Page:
Why Breathwork?


This life-changing practice is a spectacular tool for dissolving forms of mental and physical tension. By releasing these tensions, we are empowered to step beyond the thinking mind. Breathwork is a key that unlocks access to the magnificent inner life-force that exists within us all, allowing us to experience and engage with our own consciousness.

Breathwork is a powerful and dynamic spiritual tool. In the days to come, we’ll learn–and experience–how breathwork is a catalyst for inner-growth. Breathwork enables us to process and release old memories and emotions, transcend sadness, anger and grief, and reshape causes and conditions to create new circumstances and experiences.

Breathwork has tangible effects on the physical body, too. In this practice, the nervous system shifts from a sympathetic to parasympathetic state, into a mode of ‘rest and digest,’ where insights and intuitions effortly arise.

Breathwork also has a tonifying effect on the vagus nerve, which runs down the center of the body. The vagus nerve is responsible for the “gut-brain” connection and links the brain to the heart, lungs and many other parts of the body. Through breathwork, we tone the vagus nerve, in turn boosting the immune system, reducing inflammation, decreasing symptoms of anxiety and depression and building mental and physical resilience.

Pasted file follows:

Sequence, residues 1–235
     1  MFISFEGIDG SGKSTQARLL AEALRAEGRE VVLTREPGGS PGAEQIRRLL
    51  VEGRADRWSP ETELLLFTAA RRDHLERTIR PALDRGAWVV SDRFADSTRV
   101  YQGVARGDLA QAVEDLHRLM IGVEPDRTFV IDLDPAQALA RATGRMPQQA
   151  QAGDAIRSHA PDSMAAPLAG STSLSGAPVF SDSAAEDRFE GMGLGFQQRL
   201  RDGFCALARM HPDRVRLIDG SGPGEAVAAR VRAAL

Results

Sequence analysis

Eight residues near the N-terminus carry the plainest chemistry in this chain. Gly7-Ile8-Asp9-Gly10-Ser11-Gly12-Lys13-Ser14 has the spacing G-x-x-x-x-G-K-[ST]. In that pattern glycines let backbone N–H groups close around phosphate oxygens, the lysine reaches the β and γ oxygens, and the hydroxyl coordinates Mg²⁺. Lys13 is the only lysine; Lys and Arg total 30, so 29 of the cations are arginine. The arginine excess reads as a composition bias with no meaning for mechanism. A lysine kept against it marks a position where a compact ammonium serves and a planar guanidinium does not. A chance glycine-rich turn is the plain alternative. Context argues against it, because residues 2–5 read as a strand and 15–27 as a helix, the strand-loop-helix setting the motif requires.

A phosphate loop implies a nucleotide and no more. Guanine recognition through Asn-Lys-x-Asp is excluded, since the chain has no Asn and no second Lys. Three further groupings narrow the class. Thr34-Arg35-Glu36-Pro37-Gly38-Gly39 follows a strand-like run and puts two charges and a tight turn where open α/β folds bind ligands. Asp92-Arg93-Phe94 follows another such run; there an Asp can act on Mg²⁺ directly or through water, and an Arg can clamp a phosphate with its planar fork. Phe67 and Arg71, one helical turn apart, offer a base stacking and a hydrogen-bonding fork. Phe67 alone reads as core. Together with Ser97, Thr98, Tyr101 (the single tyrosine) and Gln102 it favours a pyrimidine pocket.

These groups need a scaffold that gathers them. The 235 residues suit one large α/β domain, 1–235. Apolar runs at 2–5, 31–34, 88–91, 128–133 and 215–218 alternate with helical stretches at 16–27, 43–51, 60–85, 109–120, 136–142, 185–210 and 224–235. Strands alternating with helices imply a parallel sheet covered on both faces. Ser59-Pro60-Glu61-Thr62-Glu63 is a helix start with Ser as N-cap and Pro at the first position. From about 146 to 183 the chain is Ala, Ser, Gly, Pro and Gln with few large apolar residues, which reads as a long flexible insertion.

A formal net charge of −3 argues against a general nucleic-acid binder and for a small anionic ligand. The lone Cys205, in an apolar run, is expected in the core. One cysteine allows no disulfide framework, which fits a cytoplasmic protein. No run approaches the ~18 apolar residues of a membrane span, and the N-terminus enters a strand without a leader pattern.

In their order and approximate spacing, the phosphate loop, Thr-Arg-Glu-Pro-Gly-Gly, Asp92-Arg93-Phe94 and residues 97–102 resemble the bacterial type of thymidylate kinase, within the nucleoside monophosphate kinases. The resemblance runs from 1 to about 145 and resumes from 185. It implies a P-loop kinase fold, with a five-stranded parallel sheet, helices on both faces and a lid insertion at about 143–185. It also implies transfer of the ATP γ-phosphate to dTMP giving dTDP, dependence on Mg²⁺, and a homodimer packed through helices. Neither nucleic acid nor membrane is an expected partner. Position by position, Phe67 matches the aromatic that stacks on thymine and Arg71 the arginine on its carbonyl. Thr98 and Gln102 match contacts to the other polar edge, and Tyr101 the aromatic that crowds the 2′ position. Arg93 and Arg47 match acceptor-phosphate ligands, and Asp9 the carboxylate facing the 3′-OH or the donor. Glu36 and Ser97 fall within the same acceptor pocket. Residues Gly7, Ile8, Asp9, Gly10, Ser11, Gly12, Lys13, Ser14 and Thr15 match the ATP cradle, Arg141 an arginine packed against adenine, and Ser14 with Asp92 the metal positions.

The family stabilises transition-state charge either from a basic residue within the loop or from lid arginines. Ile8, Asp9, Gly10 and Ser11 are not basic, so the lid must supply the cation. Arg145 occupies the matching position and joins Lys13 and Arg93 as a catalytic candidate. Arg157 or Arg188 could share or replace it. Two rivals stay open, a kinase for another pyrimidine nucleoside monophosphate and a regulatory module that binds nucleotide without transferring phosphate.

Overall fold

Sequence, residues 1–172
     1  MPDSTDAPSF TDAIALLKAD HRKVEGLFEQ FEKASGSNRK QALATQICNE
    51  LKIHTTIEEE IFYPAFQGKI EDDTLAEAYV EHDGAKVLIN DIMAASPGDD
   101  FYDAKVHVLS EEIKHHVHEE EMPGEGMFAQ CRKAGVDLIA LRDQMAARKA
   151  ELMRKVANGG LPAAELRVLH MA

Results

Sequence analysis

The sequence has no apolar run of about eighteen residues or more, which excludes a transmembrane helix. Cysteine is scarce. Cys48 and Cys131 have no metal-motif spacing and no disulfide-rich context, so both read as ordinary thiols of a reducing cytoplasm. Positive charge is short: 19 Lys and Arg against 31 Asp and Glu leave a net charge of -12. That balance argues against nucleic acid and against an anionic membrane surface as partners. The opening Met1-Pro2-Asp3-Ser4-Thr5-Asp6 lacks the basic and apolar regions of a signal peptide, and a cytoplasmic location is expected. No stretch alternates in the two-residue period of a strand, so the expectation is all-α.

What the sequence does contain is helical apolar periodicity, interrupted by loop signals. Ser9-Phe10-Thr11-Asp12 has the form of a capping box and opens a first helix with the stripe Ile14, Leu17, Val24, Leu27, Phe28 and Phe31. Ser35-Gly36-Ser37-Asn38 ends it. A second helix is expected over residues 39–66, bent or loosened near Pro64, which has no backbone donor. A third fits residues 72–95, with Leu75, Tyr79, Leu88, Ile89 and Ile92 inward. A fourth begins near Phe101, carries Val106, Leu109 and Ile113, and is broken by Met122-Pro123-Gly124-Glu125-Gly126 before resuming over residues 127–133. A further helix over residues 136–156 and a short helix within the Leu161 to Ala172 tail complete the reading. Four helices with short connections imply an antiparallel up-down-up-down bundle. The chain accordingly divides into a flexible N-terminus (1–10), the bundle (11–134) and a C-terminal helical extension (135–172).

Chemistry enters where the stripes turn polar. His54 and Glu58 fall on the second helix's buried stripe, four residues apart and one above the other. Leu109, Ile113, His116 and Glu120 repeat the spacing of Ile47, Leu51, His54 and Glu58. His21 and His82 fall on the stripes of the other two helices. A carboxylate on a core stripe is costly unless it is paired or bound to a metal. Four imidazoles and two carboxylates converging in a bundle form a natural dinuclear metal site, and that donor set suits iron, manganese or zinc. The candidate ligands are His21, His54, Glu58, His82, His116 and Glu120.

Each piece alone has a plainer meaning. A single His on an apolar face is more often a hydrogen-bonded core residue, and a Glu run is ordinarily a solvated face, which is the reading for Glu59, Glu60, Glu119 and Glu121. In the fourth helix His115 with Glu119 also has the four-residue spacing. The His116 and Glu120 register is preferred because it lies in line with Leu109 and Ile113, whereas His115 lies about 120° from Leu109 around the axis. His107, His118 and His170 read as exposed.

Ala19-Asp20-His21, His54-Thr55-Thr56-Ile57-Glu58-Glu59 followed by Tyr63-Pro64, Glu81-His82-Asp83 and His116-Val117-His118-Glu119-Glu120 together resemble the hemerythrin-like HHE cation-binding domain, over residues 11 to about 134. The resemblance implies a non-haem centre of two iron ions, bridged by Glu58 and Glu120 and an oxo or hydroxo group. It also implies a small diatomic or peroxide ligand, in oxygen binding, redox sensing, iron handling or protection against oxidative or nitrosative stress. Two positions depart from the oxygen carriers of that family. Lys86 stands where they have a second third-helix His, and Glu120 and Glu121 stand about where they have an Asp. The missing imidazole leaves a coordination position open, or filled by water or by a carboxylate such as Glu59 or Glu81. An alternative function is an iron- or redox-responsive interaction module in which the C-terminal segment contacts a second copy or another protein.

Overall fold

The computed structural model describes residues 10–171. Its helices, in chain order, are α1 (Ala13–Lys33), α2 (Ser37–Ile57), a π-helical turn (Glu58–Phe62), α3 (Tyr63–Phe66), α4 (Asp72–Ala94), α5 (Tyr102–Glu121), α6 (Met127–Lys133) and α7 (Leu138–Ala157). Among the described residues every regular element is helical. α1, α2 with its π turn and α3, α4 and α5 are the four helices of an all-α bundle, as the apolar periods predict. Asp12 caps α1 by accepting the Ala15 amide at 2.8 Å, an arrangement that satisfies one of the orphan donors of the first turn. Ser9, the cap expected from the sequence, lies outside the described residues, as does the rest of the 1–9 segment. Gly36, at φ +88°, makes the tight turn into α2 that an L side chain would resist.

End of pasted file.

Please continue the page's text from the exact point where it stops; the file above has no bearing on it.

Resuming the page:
Diaphragmatic breathing, the breathwork we will learn today, is the main tool for toning up the vagus nerve.

Set Yourself Up For Practice

Prepare the body for today’s practice by assembling a yoga mat and, if you’d like, a bolster or pillow to support your knees. To allow for the optimal flow of breath, do not place anything under your head. Prepare the mind by setting an intention.


Check our Greg’s Kundalini Breathwork Practice

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During the practice, we are reminder to focus on softening tension in six specific parts of the body: soles of the feet, palms of the hand, all four corners of the eyes, the region around the  ears, the tongue as it rests in the floor of the mouth, and the entire pelvic floor and groin region. This softening enables the breath to move tension out of the nervous system.

As you breathe, focus on an intention. Ask yourself, what would it feel like to know your intention was already fully manifest? Use a memory to evoke a similar feeling, and breathe this feeling into your body.

Tools and Tips

  • Remember that in this breathwork practice, we breathe in and out throughout the mouth. You’ll take two breaths in through the mouth, and one breath out through the mouth. On the inhale, the first half of the breath comes right into the low belly, and the second half of the breath comes into the upper chest. Then, you exhale completely.

  • It’s normal (and expected) to experience intense physical sensations. You may take breaks as needed, though be mindful of whether you physically need a break, or if the resistance is simply your mind shying away from an unfamiliar feeling. If the latter, try to breathe into the feeling.


If you feel your breath “stuck” at any point, try a deep belly laugh. This may feel silly, but it opens your diaphragm and allows for a strong and smooth flow of breath.


Community Question

How do you feel when you soften the body and imagine your intentions as already manifested? Describe what that looks like.

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